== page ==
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A long, long time ago, in a former century, I worked on a project at the National Theatre identifying and celebrating the one hundred greatest plays of the 20th Century. The resulting list was rich journey through some great writing. When we got to the eighties, alongside Frayn, Churchill, Mamet and Cooney, we encountered August Wilson’s  Fences – a play little known in the UK, but with a reputation as a modern American classic. Each play on the list had a reading, and amongst the actors for Fences was one Tanya Moodie, clearly too young for the role of Rose, but fiery and spirited and we chatted about how wonderful it would be if she got to play the part… one day… maybe.

Lenny Henry as Troy and Tanya Moodie as Rose in Fences

Flash forward fourteen years and this weekend my usual ride to Richmond Park took me all the way through the urban savanna, beyond the trees and deer, to the quaint Richmond Theatre, where, at last, Tanya is playing Rose; she’s as fiery and spirited as ever, fully matured into the role and playing opposite a magnificent Lenny Henry as Troy. Of course, the play charts the African-American experience in the fifties, centred around Troy’s devastating revelation he was born too early to be a successful baseball player because of his race, but the heart of the drama is Wilson’s uncompromising dissection of families and fatherhood and his examination of love, faithlessness and forgiveness. Troy’s disappointments are angrily meted out on his nearest and dearest; a bitter, wronged, pained man who can tell his drinking buddy that he loves him, but can’t even tell his son that he likes him. At his side is his wife, bound by domesticity, but a wise, careful negotiator, the glue that binds the disparate family together. Betrayals and arguments pull them apart, fierce loyalty forces them back together. We’re now well past the surprise that Henry is a proper actor, and here he utterly inhabits the play and its poetry; he’s powerful, threatening and cruel when required and employs his standup skills to fuel the flights of imagination that make Troy an engaging charmer. Tanya is more than a match for him, her heart and body fully inhabiting the role, light and playful when fluttering around her husband, grounded and solid when facing up to him. Paulette Randall’s direction and the rest of the cast give full weight to the play, even when the structure and narrative go a little awry in the second half, but the pleasures far outweigh the quibbles. I’ve waited a long time to see this play in full, and it was so pleasing to discover it at last… and personally thrilling to see Tanya come full circle on her August Wilson journey. The West End transfer is in June, but I just couldn’t wait.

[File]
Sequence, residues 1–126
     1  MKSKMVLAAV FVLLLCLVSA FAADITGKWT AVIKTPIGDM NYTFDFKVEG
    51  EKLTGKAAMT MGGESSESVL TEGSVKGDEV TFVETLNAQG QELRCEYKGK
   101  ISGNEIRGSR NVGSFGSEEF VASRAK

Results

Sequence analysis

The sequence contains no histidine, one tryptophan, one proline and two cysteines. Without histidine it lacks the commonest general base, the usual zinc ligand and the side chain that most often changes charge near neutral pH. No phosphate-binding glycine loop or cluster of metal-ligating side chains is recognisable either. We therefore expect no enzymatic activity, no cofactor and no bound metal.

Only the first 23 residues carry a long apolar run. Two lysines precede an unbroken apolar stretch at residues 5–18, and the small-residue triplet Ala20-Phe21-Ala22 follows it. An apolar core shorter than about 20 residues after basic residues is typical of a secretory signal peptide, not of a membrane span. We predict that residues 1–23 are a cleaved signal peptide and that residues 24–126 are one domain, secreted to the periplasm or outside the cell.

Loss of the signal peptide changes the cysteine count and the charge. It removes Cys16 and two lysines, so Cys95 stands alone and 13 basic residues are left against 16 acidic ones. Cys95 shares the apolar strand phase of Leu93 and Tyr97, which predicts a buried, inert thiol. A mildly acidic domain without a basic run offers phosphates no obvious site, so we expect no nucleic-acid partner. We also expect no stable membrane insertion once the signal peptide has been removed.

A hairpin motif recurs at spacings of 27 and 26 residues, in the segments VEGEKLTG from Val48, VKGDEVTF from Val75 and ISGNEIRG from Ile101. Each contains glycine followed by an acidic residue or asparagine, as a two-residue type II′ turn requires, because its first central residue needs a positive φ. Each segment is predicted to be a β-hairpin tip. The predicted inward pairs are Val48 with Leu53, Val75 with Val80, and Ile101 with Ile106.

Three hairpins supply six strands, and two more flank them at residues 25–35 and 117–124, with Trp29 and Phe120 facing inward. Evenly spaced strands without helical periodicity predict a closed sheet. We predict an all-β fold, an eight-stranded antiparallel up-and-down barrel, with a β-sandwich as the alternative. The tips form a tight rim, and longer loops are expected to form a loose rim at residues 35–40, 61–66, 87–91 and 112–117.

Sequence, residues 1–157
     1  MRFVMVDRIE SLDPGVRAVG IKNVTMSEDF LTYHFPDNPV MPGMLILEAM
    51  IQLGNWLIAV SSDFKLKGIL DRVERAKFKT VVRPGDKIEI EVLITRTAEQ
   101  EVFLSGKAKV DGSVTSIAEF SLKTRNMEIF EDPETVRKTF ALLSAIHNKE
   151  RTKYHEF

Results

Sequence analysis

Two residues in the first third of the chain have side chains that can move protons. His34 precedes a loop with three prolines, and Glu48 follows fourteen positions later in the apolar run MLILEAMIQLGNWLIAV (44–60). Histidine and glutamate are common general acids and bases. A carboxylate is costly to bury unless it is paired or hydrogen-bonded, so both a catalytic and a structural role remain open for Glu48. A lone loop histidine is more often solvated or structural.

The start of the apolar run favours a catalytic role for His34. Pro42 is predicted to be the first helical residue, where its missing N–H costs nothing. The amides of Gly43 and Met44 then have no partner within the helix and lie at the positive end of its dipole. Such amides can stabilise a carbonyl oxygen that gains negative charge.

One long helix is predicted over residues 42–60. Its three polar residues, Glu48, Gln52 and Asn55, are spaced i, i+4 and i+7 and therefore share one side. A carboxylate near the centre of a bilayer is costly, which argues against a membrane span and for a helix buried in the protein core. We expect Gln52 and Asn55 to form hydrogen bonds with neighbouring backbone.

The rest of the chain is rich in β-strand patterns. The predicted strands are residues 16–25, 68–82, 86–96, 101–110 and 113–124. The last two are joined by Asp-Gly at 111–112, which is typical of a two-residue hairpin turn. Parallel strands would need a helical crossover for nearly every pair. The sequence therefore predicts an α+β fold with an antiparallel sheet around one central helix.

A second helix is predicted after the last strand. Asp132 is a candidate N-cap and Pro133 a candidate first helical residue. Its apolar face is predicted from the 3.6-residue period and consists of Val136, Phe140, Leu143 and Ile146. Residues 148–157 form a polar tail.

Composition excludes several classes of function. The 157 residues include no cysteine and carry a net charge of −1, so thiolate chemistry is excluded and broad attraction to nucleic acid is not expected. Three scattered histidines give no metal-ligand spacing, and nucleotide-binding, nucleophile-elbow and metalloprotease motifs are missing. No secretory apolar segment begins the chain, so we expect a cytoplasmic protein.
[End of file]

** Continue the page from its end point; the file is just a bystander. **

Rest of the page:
One thought on “Fences: Richmond Theatre

  1. Pingback: The Amen Corner: National Theatre | A Cultural Cyclist

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